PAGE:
New Study Shows that Visual Perception In Children continues Developing up to 10 years

It is often assumed that by the age of 6–7, children’s visual perception has essentially caught up to that of adults. However, according to a new study, children’s visual perception growth does not cease before the age of ten.

The study was published on September 27, 2021, in Child Development and was carried by Dr. Chen Lin’s group from the Chinese Academy of Biosciences’ Institute of Biophysics and Dr. Huang Yan’s team from Shenzhen Institute of Advanced technology.

Topological priority in peripheral vision appears after ten years 

Topological property (TP) is a fundamental geometric characteristic of objects that is conserved in one-to-one and across continuous transformations and is thought to be processed in early perception. Notably, topological image distinctions have been found to be extremely sensitive to the human visual system. Moreover, there is a lot of evidence that TP is processed before non-TP aspects of visual stimuli, which is known as the TP priority effect.

The researchers discovered that the global topological primacy in peripheral vision did not appear until around ten years and that central and peripheral vision development changed.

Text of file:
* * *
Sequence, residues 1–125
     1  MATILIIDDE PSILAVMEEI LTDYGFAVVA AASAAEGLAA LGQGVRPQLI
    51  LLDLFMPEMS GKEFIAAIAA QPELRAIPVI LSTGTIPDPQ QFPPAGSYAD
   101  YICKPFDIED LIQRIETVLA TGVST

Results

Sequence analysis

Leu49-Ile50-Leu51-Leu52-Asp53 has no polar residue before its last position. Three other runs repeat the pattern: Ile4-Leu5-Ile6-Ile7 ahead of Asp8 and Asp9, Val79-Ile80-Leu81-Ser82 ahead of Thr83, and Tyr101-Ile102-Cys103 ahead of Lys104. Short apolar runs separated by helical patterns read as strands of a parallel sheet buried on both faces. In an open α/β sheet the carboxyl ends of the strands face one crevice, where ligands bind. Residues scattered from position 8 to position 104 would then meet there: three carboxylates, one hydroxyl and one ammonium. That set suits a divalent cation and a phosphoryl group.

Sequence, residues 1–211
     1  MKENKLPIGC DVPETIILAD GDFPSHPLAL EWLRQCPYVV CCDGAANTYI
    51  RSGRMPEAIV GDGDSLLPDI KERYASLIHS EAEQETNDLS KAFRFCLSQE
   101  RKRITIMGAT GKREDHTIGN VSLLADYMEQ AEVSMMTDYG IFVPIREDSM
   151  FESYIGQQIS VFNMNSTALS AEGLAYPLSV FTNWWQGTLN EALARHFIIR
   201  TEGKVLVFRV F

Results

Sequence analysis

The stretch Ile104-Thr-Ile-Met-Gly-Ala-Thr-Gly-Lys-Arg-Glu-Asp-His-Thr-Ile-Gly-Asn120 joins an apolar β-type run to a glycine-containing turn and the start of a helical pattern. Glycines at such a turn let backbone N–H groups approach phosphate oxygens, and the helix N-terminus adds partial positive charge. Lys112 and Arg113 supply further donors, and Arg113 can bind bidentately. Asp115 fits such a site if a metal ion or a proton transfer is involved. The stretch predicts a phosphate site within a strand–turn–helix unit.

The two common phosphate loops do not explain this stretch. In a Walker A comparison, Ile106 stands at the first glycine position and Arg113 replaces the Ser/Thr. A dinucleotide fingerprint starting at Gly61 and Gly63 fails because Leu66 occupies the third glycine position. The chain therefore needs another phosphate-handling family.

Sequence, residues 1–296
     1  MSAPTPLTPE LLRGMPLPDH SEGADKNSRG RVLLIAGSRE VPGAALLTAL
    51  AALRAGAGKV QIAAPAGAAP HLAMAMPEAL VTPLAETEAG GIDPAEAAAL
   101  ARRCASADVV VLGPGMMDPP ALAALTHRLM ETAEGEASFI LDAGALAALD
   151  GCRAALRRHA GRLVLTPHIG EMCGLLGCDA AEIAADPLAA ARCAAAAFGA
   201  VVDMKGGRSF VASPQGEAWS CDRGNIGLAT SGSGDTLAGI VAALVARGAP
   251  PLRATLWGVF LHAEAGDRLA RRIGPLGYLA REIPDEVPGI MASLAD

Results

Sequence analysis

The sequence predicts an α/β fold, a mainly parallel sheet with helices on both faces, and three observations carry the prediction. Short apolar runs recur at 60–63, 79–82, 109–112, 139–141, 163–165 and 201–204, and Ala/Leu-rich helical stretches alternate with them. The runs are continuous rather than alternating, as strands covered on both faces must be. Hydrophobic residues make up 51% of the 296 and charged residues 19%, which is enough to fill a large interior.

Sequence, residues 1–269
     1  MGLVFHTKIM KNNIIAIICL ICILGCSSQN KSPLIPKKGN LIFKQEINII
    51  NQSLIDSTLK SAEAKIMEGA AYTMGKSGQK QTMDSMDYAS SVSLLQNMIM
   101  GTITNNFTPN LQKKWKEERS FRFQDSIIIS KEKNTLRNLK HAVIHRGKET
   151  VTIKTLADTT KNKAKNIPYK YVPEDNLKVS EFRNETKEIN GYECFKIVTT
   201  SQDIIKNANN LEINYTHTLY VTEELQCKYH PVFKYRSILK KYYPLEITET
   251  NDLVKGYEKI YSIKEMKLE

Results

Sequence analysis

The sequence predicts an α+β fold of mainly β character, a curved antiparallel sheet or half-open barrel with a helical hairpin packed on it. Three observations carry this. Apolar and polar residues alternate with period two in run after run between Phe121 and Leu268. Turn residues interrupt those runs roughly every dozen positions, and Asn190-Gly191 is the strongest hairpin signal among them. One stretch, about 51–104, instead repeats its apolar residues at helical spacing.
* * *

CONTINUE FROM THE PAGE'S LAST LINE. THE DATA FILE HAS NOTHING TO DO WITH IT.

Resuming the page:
According to evidence, children’s rudimentary visual functions are identical to adults’, but they have not fully matured. For instance, 4-year-old children’s spatial contrast sensitivity follows an adult-like trajectory before reaching adult levels at six to seven years.

Children above 10 showed peripheral and central vision tendency 

The researchers contrasted the perceptions of 773 youngsters aged 6 to 14 and 179 adults on global TP. According to the findings, adults and children aged ten and above demonstrated a TP priority tendency in both central and peripheral vision. Children aged 6 to 8 demonstrated a TP priority tendency for central stimuli but a reverse trend in their periphery vision.

The TP discrimination tests gave researchers a unique look at how children’s visual processing develops in the early stages. This research found a substantial difference in topological processing in peripheral vision between children under the age of ten and adults, implying that the global TP in peripheral vision does not arise until the age of ten.

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